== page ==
By Jacqui Rudd
The supermarket landscape is changing as retailers up their plant-based game. New products are launching every month to attract the attention of vegans, veggies, and meat reducers in an attempt to win the battle for the meat-free category. The battleground has been marked and everyone wants a piece of this plant-based world. According to Kantar, over the past year meat-free and vegan products sales have increased by 14.3% adding £44.1m to the category taking it to £352.1million.
Supermarkets have been battling it out for the meat-free category, launching new products and ranges, which has mainly been driven by a 6.5% rise in shoppers buying meat-free products. Supermarkets are trying to capitalise on this rise in consumer demand for plant-based food, and Kantar published that Sainsbury’s and Tesco combined account for over half of the meat-free sales.
But how are stores merchandising this new boom in plant-based foods? Are supermarkets extending their meat-free shelf space? Well yes and no, there is no single method that has been used, some supermarkets such as Sainsbury’s and Tesco are testing some of their meat alternatives in the meat aisle, while others such as Waitrose and Iceland are keeping them strictly separate in dedicated meat-free sections in stores. This does raise the question, could a lack of a unified strategy leave consumers confused?
But it’s not just supermarkets who have been adding to the plant-based food options, brands account for nearly 55% share of the market. There has been high activity from small and large brands launching new ranges of plant-based products. Brands launching new products in recent months include: Linda McCartneys, Magioni, White Rabbit Pizza co and Kristys. There have also been innovative collaborations to launch new ranges, such as with Dr Oetker and Ristorante. Yorkshire sausage makers Hecks are even getting involved in the plant-based market, they have converted an old production plant into a vegan-friendly factory and are producing new ranges of sausages.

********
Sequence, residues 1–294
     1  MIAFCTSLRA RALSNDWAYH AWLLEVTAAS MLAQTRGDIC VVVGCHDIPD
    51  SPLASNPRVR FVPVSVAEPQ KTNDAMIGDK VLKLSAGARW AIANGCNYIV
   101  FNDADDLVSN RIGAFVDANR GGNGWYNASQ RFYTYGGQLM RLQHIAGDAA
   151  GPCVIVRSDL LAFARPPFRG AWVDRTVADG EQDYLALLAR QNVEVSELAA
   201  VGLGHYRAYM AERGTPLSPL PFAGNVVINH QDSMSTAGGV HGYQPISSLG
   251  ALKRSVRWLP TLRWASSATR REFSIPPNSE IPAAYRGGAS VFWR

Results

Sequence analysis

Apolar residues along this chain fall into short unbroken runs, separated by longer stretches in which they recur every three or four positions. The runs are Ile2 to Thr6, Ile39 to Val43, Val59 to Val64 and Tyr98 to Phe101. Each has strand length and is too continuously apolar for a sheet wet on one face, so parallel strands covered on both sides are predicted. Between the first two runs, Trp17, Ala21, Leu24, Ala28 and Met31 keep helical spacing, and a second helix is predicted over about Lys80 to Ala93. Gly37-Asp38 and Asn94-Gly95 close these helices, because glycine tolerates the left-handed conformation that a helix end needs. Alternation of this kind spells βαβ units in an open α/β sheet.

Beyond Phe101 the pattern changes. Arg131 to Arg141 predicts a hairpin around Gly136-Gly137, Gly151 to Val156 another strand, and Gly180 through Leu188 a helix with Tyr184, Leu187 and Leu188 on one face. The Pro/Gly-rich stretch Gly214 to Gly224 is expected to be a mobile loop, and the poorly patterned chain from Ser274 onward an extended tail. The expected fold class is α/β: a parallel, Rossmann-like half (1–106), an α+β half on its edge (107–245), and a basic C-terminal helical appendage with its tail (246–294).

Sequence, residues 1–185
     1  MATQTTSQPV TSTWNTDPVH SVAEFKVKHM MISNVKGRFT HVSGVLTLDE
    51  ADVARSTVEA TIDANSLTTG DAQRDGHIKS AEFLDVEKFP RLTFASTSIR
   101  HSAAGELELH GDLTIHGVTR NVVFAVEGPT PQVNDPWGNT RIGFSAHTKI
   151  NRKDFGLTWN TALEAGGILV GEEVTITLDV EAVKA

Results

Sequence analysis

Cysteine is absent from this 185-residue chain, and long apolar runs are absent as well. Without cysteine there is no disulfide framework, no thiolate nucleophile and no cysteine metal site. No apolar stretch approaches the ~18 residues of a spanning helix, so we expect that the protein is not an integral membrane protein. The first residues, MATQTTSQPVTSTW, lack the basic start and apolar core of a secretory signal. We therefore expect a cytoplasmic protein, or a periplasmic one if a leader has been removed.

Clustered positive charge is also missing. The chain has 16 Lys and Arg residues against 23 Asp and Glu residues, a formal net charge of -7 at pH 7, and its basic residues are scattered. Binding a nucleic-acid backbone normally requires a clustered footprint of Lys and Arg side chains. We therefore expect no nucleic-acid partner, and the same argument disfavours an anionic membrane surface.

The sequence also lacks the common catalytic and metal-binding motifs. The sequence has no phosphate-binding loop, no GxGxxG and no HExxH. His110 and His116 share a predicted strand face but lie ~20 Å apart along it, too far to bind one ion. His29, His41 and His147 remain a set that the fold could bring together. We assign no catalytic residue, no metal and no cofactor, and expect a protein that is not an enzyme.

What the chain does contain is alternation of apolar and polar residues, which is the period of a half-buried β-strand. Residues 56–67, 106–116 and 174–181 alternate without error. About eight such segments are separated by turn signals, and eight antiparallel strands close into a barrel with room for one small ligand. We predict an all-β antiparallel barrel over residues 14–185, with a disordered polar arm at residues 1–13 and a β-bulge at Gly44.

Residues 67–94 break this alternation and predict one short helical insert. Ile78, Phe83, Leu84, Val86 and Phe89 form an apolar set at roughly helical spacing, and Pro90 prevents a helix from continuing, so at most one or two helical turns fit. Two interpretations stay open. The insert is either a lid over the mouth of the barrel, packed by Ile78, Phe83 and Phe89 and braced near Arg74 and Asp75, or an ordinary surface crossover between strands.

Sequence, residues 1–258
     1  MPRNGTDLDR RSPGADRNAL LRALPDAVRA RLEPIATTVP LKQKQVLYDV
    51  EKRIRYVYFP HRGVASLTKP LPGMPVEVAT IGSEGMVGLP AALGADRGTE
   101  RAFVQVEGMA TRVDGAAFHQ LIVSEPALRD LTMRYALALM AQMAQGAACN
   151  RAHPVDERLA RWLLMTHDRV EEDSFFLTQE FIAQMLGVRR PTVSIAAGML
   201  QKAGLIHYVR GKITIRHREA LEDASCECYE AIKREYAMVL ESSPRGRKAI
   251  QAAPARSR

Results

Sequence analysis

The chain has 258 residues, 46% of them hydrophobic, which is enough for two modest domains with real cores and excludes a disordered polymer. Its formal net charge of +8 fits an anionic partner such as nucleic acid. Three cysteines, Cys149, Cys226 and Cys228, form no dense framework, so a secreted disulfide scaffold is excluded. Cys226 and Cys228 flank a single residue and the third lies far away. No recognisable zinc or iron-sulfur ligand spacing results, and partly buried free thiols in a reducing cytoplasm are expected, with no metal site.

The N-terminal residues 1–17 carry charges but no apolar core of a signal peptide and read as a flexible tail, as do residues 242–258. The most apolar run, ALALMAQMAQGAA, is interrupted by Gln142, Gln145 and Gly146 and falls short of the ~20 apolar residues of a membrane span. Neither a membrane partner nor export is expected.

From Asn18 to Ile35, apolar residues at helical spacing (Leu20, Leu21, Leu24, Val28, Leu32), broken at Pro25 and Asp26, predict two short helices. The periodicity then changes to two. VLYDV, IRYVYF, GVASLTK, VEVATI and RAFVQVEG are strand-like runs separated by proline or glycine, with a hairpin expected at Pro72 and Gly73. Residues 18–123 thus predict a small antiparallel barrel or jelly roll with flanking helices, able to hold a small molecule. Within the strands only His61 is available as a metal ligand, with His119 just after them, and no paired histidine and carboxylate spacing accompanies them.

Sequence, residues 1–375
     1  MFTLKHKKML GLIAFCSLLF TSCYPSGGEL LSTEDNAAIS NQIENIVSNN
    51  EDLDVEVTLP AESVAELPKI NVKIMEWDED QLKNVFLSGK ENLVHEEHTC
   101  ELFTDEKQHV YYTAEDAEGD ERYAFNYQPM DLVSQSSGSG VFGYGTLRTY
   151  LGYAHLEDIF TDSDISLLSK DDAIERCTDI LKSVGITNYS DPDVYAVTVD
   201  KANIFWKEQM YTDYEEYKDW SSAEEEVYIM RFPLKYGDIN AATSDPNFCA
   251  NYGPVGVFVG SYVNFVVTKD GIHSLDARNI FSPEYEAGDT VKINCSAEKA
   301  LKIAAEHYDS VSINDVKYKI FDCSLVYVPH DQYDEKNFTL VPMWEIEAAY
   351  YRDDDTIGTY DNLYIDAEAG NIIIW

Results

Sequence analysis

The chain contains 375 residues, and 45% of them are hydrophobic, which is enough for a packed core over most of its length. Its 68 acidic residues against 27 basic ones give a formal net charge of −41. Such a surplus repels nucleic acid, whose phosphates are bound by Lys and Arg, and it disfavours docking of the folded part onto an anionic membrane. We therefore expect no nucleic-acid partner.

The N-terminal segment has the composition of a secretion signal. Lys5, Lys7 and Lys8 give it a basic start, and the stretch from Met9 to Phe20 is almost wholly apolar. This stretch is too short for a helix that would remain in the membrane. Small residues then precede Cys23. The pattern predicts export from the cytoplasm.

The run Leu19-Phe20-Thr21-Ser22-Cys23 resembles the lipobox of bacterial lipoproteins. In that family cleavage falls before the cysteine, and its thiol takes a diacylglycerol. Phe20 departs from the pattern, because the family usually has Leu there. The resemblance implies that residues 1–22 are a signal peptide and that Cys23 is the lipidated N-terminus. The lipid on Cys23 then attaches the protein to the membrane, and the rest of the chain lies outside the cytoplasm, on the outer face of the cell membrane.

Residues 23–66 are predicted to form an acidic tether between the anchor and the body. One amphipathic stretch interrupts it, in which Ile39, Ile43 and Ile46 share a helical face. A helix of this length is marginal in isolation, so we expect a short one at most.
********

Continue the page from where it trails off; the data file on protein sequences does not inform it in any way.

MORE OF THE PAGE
Just last week a new plant-based innovation from the US hit the UK, as bleeding vegan burgers arrive on Tesco shelves from Beyond Burger. Beyond burger is made entirely from plants, does not use animal stem-cells in production, and is not tested on animals. Each contains 20g of pea protein, coconut oil, potato starch and uses beetroot juice to ooze or “bleed” a meaty appearance.
New Startups are trying to ‘reinvent’ a meaty meal, and with technological advances could our future be meat-free? Lab-grown meat and food-tech companies in the US are showing that applying science to what we eat can save the world and make money. But only time will tell if this new innovative method can really deliver safe, tasty, cheap food on a large scale with minimal environmental footprint and play a role in saving our planet.
This level of innovation shows how quickly this market is growing and that brands are keeping up the necessary action to compete with the supermarkets’ attention on plant-based. However, with so much competition, brands need to really be something different and special to compete and avoid being a casualty as this market grows.